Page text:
The arrival a few years ago of a trend towards USDA Prime beef is worrying. Aside from the major welfare and food safety issues that come from importing American meat, the USA is not exactly down the road. If the carbon footprint from transportation wasn’t enough, new research emerging over the past three years has suggested that the livestock industry itself is responsible for producing more greenhouse gases than cars, planes and ships combined. So what can we do? Firstly, buy British and chip off transportation emissions. Secondly, get creative with your cuts. Of course you want to continue to offer steaks and the like, but what about making the most of offal? Traditionally less-used offcuts are not just suitable for pies and other stews: kidneys, liver and even intestines are working their way onto London’s top menus. A little more thought can mean that you cut your menu’s meat-print down while also tackling another major problem…


We are all throwing too much food (and other things) away. The trend towards nose-to-tail eating is one way to tackle this, but there is still a way to go. It can be a challenge in a large commercial kitchen to keep on top of waste, especially if your menu is varied and you want to ensure that customers have as much choice as possible — there’s nothing worse than your first-choice dish having sold out. Or is there? A good restaurateur will tell you that the way to run a successful restaurant is to overcome challenges by turning them into strengths. You want to be fully-stocked on the dishes that make up the backbone of your menu, but why not plan to run out of select others? Keep things interesting and show off the quality of your ingredients and range of offering by having some dishes that when they are gone are replaced by something equally exciting. This means that the customer knows upfront that you are committed to keeping things fresh and seasonal and that when that dish goes they could be first to try the next. Variety is the spice of life — and key to managing your food waste too.


Speaking of seasonal, and we all should be by now, vegetables are absolutely key to keeping your menu planet and margin friendly. Veggie dishes are no longer just the stomping ground of vegetarians, many customers are turning to veggie dishes as a legitimate meat or fish alternative. Whether it is because they too are conscious of the environmental impact, looking to roots for health reasons or just enjoying how creative chefs have become with plants, nowadays people like veg. This is great news for the environment and means lower food costs for restaurants. The days of the stuffed mushroom are over: long live the veg!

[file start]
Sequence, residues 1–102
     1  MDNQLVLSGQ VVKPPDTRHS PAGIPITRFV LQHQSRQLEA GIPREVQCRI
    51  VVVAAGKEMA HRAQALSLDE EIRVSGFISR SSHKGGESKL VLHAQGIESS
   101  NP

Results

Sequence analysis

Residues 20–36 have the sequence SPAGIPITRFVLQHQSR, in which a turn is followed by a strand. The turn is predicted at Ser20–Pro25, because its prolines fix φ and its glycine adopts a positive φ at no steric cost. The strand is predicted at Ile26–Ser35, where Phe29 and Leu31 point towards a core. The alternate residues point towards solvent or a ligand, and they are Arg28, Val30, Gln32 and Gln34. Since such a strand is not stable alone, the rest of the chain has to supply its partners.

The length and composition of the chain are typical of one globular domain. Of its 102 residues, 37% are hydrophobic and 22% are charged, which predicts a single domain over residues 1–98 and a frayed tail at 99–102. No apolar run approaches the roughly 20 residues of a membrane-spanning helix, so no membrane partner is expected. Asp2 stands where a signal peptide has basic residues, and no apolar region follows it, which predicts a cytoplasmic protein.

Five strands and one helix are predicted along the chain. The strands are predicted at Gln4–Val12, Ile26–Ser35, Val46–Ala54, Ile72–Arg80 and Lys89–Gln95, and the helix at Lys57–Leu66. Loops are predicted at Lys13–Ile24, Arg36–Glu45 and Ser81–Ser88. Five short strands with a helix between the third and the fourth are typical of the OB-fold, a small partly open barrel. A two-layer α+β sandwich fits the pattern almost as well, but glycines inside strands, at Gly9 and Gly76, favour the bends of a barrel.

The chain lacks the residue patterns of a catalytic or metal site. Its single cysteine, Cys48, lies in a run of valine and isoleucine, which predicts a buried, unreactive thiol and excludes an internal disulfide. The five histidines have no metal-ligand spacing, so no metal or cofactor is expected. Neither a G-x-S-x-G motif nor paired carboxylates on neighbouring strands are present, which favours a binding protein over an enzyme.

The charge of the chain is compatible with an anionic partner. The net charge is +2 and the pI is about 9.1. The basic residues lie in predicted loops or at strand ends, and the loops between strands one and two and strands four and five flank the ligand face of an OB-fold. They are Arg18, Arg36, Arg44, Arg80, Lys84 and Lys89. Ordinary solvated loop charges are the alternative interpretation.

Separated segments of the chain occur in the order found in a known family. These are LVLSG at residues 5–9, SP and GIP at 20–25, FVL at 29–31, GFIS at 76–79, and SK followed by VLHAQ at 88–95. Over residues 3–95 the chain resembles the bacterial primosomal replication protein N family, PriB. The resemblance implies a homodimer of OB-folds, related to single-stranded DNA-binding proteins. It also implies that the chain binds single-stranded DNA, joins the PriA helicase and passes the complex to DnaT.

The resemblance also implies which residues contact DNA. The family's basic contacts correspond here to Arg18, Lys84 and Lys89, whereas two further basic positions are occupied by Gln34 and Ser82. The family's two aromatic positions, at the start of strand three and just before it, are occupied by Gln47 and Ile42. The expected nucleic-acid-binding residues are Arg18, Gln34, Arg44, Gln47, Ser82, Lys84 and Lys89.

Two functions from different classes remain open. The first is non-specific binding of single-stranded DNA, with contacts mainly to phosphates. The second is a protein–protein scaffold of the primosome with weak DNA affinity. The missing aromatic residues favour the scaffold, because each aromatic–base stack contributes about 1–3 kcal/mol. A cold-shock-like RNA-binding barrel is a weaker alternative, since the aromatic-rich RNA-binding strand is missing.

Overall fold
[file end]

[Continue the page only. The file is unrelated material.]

As a restaurant it is difficult to commit to simply ‘being sustainable’. As important as it is, there is still a need to ensure that customers don’t feel pushed out by any price increases. After all, post-Brexit people are — for the time being, at least — feeling financially cautious. Outside of the tips listed above, none of which should increase costs, the key is choice. For most high-end restaurants, offering free-range and organic meat is standard, but for a smaller, more price conscious or newer restaurant this can be daunting. By putting free-range chicken on the menu alongside other options you are allowing the customer to choose whether they go for it or not, and also showing off the quality and sustainability of your menu. Buying organic meats and dairy — or direct from the farmers’ market — supports local farmers who are the only real antidote we have to unsustainable, mass-farming. They are also infinitely higher animal welfare, which will attract people to spend more money too. The days of ‘vegetarian’, ‘vegan’ and the likes are numbered, today people talk of being ‘ethical eaters’ or ‘flexitarians’. By shouting about your organic dairy, line-caught fish and organic, locally-sourced meat you are investing in your reputation, the planet and your business. May they both have a long and happy future.

About Diccon Wright

Christopher Diccon Wright is a restaurateur and property specialist who has established and grown successful operations in the UK and Mediterranean. He has also worked on a consultancy and advisory basis for a wide range of food and property clients.